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3.1 Strand

Weather is a minute-by-minute, day-by-day variation of the atmosphere’s condition on a local scale. Scientists record patterns of weather across different times and areas so that they can make weather forecasts. Climate describes a range of an area’s typical weather conditions and the extent to which those conditions vary over a long period of time. A variety of weather-related hazards result from natural processes. While humans cannot eliminate natural hazards, they can take steps to reduce their impact.
STORYLINE: 3.1.1 & 3.1.2 Weather Patterns
Anchor 1

Standard(s) 3.1.1: Analyze and interpret data to reveal patterns that indicate typical weather conditions expected during a particular season. Emphasize students gathering data in a variety of ways and representing data in tables and graphs. Examples of data could include temperature, precipitation, or wind speed. (ESS2.D)

Standard(s) 3.1.2: Obtain and communicate information to describe climate patterns in different regions of the world. Emphasize how climate patterns can be used to predict typical weather conditions. Examples of climate patterns could be average seasonal temperature and average seasonal precipitation. (ESS2.D)


Analyzing and Interpreting Data Analyzing data in 3–5 builds on K–2 experiences and progresses to introducing quantitative approaches to collecting data and conducting multiple trials of qualitative observations. When possible and feasible, digital tools should be used. 

  • Analyze and interpret data to make sense of phenomena using logical reasoning.

Obtain, evaluate, and communicate information in K–2 builds on prior experiences and uses observations and texts to communicate new information. 

  • Read grade-appropriate texts and/or use media to obtain scientific information to describe patterns in the natural world.

Disciplinary Core Ideas

ESS2.D: Weather and Climate 

Scientists record patterns of the weather across different times and areas so that they can make predictions about what kind of weather might happen next.

Cross Cutting Concepts

Patterns can be used as evidence to support an explanation.

Phenomena Statement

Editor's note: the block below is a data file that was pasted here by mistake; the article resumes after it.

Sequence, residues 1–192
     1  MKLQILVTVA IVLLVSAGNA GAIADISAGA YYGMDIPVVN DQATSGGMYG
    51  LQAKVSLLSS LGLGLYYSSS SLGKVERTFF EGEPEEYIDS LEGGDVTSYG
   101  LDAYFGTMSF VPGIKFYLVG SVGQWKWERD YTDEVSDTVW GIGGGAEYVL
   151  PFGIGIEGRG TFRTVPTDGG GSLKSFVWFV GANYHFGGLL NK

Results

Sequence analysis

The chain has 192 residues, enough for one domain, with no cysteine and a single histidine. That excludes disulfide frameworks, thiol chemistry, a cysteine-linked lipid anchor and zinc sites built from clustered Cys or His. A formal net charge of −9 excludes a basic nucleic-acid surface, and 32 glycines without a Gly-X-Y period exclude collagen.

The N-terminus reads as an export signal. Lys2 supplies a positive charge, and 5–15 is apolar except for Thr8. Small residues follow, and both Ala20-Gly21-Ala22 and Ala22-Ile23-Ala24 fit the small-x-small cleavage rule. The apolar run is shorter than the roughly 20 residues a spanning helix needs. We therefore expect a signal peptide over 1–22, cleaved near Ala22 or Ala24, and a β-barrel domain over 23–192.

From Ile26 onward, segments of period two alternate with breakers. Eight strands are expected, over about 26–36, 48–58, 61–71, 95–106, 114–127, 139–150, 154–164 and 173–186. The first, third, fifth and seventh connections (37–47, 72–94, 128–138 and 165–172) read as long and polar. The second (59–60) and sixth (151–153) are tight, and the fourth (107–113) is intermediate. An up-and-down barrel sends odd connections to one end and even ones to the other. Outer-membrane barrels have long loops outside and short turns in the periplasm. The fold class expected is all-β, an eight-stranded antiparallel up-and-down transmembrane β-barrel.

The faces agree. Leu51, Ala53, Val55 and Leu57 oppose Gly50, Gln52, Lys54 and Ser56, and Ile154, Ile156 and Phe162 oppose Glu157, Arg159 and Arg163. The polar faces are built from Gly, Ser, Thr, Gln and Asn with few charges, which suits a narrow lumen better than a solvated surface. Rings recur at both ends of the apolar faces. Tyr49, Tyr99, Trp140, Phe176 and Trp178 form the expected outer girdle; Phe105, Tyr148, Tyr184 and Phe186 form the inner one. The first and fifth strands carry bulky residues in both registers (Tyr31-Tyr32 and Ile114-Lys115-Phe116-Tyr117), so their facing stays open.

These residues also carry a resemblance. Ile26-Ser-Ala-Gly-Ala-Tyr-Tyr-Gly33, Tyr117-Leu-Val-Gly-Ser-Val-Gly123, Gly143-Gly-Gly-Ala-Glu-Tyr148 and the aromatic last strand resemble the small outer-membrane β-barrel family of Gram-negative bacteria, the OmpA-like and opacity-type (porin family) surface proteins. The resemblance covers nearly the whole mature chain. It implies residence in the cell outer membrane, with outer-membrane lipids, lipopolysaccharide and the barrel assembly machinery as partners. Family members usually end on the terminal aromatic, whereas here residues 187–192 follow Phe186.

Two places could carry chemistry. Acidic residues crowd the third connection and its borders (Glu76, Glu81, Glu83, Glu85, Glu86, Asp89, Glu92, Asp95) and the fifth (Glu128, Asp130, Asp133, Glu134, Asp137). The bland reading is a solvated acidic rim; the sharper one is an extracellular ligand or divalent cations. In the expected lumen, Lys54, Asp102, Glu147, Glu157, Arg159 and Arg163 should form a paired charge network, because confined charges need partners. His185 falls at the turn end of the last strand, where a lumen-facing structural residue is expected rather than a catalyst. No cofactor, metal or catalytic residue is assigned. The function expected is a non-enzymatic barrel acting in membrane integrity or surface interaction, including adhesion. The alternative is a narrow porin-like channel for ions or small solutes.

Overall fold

Snow in June is an unexpected weather event.

Storyline Narrative

Weather conditions follow a predictable pattern during specific seasons of the year. Weather has a different pattern in each season. Scientists collect data to predict the typical weather patterns for each season.  Students can graph weather data to find climate patterns.

Anchor 2
STORYLINE: 3.1.3: Weather-related Hazards

Standard(s) 3.1.3: Design a solution that reduces the effects of a weather-related hazard. Define the problem, identify criteria and constraints, develop possible solutions, analyze data from testing solutions, and propose modifications for optimizing a solution. Examples could include barriers to prevent flooding or wind-resistant roofs. (ESS3.B, ETS1.A, ETS1.B, ETS1.C)


Constructing Explanations and Designing Solutions in 3–5 builds on K–2 experiences and progresses to the use of evidence in constructing explanations that specify variables that describe and predict phenomena and in designing multiple solutions to design problems. 

∙ Generate and compare multiple solutions to a problem based on how well they meet the criteria and constraints of the design solution.

Disciplinary Core Ideas

ESS3.B: Natural Hazards

A variety of natural hazards result from natural processes. Humans cannot eliminate natural hazards but can take steps to reduce their impacts. (Note: This Disciplinary Core Idea is also addressed by 4- ESS3-2.)

Cross Cutting Concepts

Cause and Effect relationships are routinely identified, tested, and used to explain change.

Storyline Narrative

A current increase in hurricane storms provide a real-world example of weather phenomena.  Video clips or photos of severe damage to homes and other structures are shown to students.  Students will define the problem and causes of why some houses are damaged while others are not.  They should obtain information and explore how wind affects different materials using the box fan.  Then students will design and build a house that can withstand the wind without being affected.

Phenomena Statement

Hurricanes can cause extreme damage to structures that are not built to withstand the wind.

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